As 2019 comes to a close Jonathan Bayfield looks ahead to the key themes that will shape the UK real estate market in 2020 and beyond.
1 minute read
Broadly, activity in the UK is being influenced by the similar macro-themes to Continental Europe, particularly the lower for longer rates environment and the focus on environmental, social and governance, although the uncertain political environment and impact of Brexit also need to be carefully considered. Nevertheless, real estate continues to offer attractive illiquidity premia for investors seeking sustainable income for cash flow and liability-matching.
We expect property owners to have to work harder to sustain income as lease lengths fall and occupiers demand greater flexibility
However, in the future we expect property owners to have to work harder to sustain income as lease lengths fall and occupiers demand greater flexibility. For example, in the office environment, the shift towards flexible working space is likely to mean that underlying rental income streams reflect changes in market rents more quickly. This implies rental income streams will be more volatile than in the past, closer to that of market rents.
In this environment, investor appetite will increasingly be skewed towards locations with more robust long-term demand characteristics. Central London, Manchester, Cambridge and Birmingham, characterised by international connections, deep pools of talent and innovative cultures, look comparatively well placed.
Logistics and office markets look more attractive than the retail sector, similar to Continental Europe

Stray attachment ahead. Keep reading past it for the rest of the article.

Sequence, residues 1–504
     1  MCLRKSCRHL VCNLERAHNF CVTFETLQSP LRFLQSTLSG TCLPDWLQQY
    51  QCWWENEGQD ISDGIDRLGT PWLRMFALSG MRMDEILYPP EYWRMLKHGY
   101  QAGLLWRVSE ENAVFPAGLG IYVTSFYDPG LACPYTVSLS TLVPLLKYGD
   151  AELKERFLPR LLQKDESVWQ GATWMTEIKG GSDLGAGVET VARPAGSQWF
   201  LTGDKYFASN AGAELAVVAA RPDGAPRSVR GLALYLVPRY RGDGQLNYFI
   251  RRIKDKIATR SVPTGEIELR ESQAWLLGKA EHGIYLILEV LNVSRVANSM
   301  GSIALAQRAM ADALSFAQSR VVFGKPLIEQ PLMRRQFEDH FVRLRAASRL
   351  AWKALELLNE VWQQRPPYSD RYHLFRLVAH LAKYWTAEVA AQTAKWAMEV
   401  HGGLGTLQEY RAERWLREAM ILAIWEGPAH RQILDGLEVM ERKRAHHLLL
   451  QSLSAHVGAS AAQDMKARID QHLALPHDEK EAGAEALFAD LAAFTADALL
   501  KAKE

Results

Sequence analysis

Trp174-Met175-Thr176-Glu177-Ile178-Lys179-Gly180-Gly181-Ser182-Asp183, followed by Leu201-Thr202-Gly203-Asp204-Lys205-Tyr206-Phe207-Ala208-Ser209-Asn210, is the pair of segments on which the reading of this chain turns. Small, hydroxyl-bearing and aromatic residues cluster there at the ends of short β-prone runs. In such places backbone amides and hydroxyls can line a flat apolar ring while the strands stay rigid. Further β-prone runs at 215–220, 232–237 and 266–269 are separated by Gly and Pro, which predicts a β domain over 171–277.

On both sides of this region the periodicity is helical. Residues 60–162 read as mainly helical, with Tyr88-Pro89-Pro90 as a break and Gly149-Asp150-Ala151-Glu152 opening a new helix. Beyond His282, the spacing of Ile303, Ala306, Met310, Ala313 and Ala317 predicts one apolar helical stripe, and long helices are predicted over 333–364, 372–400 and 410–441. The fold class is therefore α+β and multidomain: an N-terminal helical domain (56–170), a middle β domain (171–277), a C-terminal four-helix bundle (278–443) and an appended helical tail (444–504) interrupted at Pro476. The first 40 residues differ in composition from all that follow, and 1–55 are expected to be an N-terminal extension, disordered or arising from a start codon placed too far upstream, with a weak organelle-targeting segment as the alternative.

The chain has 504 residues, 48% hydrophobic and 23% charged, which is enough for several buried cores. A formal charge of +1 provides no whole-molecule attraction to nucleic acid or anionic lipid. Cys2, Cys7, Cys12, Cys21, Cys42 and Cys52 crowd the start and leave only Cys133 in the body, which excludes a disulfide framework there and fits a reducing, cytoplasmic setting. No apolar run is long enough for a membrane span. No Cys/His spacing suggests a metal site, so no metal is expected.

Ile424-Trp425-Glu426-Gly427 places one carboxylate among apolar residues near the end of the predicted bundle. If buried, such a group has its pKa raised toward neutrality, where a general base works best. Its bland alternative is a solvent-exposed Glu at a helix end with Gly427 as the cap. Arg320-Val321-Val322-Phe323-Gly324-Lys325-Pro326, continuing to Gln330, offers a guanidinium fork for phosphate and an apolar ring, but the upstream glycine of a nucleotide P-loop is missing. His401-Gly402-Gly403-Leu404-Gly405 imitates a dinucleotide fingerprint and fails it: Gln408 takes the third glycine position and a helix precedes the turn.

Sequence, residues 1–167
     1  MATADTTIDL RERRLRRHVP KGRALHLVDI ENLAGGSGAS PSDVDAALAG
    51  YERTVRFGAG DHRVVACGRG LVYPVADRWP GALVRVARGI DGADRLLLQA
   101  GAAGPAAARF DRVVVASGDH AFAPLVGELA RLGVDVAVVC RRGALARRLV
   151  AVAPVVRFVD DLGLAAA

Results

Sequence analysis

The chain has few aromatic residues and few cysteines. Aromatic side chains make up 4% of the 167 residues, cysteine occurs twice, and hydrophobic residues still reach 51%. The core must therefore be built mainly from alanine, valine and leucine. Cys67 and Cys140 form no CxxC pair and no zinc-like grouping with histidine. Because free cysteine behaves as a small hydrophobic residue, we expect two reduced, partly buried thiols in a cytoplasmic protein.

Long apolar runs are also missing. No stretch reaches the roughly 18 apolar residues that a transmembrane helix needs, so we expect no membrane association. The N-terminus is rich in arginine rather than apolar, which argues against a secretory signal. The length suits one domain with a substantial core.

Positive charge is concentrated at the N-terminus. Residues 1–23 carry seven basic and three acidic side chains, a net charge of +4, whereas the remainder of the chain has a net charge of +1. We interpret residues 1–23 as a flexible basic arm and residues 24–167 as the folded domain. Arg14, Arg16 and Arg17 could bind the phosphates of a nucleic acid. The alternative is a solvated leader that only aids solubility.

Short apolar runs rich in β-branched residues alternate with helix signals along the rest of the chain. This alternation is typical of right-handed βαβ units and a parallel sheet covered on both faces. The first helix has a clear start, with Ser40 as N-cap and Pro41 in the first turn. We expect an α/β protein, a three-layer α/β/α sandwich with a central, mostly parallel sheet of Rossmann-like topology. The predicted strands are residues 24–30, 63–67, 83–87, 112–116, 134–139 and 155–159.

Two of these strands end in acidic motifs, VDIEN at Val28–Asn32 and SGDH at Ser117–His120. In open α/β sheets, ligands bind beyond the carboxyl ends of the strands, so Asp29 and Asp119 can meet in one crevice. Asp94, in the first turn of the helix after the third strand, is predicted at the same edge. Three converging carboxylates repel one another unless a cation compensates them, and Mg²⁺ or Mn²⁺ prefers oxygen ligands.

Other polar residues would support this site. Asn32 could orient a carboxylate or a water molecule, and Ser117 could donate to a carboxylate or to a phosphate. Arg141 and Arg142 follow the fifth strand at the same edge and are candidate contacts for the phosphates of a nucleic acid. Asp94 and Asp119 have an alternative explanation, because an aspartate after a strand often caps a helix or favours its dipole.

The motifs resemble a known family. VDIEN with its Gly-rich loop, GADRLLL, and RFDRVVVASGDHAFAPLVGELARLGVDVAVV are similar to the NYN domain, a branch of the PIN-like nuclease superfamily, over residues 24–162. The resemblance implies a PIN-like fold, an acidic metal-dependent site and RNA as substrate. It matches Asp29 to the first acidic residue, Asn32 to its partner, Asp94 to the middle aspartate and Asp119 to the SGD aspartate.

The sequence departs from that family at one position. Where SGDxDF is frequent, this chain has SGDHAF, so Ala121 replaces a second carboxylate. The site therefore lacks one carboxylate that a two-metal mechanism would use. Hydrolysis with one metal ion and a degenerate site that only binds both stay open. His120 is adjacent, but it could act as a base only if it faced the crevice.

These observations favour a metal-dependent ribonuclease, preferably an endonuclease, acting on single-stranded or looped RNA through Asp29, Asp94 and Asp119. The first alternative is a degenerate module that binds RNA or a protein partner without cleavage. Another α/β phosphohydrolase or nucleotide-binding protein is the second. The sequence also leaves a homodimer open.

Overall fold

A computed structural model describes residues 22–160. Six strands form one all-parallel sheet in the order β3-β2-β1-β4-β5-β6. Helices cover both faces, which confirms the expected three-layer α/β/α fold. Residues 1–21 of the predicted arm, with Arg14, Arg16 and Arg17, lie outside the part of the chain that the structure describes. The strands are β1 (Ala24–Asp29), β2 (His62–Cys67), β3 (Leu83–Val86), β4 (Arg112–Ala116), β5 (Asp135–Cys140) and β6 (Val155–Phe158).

As with Continental Europe, pricing is elevated by historical standards for many prime markets; however, the UK property market is still attractive on a risk-adjusted basis, particularly compared to fixed income assets (given the lower yield environment).
Overall, and much like Continental Europe, logistics and office markets look more attractive than the retail sector, similar to Continental Europe. Broadly, London and south-east logistics and Cambridge and Manchester office markets look to have the most growth opportunities. The repricing of retail assets is further advanced in the UK, but there is still value to be found given the scale of the structural challenges the sector faces. All retail sectors, bar the supermarkets have a challenging outlook.
Looking ahead, as the property and economic cycle slows, there may be opportunities in long-income style real estate. Historically inflation has been higher than open market rents, and current relative pricing remains in line with historical norms. In addition, depreciation and maintenance costs continue to impact returns as yields remain low in many traditional sectors.